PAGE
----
British Grand Prix saved after Silverstone signs five-year deal but London race remains on the F1 agenda
- The British Grand Prix will continue on the sporting calendar after a new deal
- Silverstone and Liberty Media signed a five-year deal in London on Tuesday
- Silverstone and BRDC were unhappy with escalating fee to host the grand prix
- But a way has seemingly been found to set Silverstone a fee they can afford
Silverstone have finally signed a £100million five-year contract to save the British Grand Prix, but even as they announced their landmark deal had their tails tweaked about a race in London.
Talks ended on Tuesday night with both sides — F1’s owners Liberty Media, Silverstone and their landlords, the British Racing Drivers’ Club — signing on the dotted line. The arrangement protects the oldest race on the calendar until 2024, meaning Sunday’s edition will not be the last at the revamped Second World War bomber station.
But Chase Carey, F1 chairman, has refused to concede his ambition to take the sport to London. This aim was, as Sportsmail reported last month, a major deterrent to Silverstone committing to a new contract. They feared some of their crowd — and thus revenue — would be lost to a rival up the road.
Silverstone will remain on the Formula One calendar after a new five-year deal has been signed
‘It is well recorded that we have ongoing discussions with London and we look forward to continuing those,’ said Carey defiantly, while flanked by BRDC chairman John Grant and Silverstone managing director Stuart Pringle. ‘It will be a different experience and we will see where that takes us.’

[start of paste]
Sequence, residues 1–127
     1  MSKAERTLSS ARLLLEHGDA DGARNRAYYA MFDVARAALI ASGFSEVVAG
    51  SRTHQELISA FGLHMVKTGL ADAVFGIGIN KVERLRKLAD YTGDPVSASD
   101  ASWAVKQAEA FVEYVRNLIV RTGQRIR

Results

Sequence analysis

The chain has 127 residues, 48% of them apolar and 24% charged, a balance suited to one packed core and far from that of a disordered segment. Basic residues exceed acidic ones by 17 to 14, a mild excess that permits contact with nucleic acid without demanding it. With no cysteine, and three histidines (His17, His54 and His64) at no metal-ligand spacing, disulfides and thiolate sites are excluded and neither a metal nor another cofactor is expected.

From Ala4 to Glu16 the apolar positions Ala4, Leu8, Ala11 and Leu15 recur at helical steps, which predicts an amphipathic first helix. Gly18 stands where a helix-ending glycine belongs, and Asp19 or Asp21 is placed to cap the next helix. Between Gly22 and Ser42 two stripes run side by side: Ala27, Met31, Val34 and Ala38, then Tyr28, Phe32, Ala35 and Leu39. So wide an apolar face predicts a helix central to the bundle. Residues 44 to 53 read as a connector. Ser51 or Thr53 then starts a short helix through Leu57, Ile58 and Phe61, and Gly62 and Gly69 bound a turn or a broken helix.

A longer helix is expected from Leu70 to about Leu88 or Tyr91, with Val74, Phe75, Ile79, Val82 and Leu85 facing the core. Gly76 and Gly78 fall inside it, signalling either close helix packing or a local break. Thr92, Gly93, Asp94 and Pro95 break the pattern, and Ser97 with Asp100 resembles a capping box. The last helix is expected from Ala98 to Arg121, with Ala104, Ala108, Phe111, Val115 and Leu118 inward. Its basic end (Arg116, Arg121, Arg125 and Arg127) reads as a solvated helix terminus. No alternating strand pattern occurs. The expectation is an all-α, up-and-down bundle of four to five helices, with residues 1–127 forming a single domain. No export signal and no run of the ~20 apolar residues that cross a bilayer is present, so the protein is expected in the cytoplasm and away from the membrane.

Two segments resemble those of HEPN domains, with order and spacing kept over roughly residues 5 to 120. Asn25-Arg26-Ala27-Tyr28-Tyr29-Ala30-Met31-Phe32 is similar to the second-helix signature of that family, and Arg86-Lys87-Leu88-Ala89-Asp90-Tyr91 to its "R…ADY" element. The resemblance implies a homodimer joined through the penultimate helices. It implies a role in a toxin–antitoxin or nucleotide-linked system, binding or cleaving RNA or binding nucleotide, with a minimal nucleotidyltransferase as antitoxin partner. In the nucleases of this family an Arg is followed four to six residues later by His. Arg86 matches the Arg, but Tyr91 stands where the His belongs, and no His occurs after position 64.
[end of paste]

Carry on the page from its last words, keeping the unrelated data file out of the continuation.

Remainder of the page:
Grant said: ‘We have had frank and open discussions with F1 and they understand our concerns. So we have come up with a set of arrangements which protect our interests if London becomes a reality. There is room for the two races to co-exist as long as they have sufficient separation in time and our commercial interests are recognised.’
Despite the threat of a London race, it was a day of celebration for officials at Silverstone, where a record crowd of more than 140,000 will come to Sunday’s race, in which Lewis Hamilton will aim for a record sixth home win.
This year’s race was due to be the last held at Silverstone after they activated break clause
The BRDC triggered a release clause as the cost of hosting the race, rising to £26m under their old deal, left them in financial peril. The new £20m-a-season sum is more manageable.
The contract renewal marks one of the high points in Carey’s three-year tenure. ‘We have been clear that this is one of our signature races,’ added Carey. ‘This is one of the foundation races of Formula One, so we always wanted to reach an agreement.’
Hamilton will arrive at Silverstone tomorrow to hear the good news fresh from downtime in Los Angeles.
Lewis Hamilton is just one of series of big names to have spoken about importance of the track
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